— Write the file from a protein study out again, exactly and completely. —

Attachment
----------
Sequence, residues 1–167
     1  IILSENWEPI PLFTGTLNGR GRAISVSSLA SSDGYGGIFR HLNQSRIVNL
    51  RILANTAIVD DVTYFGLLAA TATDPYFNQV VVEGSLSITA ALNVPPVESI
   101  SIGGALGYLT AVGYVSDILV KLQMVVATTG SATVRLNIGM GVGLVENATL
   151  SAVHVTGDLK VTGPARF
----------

Sequence, residues 1–167
     1  IILSENWEPI PLFTGTLNGR GRAISVSSLA SSDGYGGIFR HLNQSRIVNL
    51  RILANTAIVD DVTYFGLLAA TATDPYFNQV VVEGSLSITA ALNVPPVESI
   101  SIGGALGYLT AVGYVSDILV KLQMVVATTG SATVRLNIGM GVGLVENATL
   151  SAVHVTGDLK VTGPARF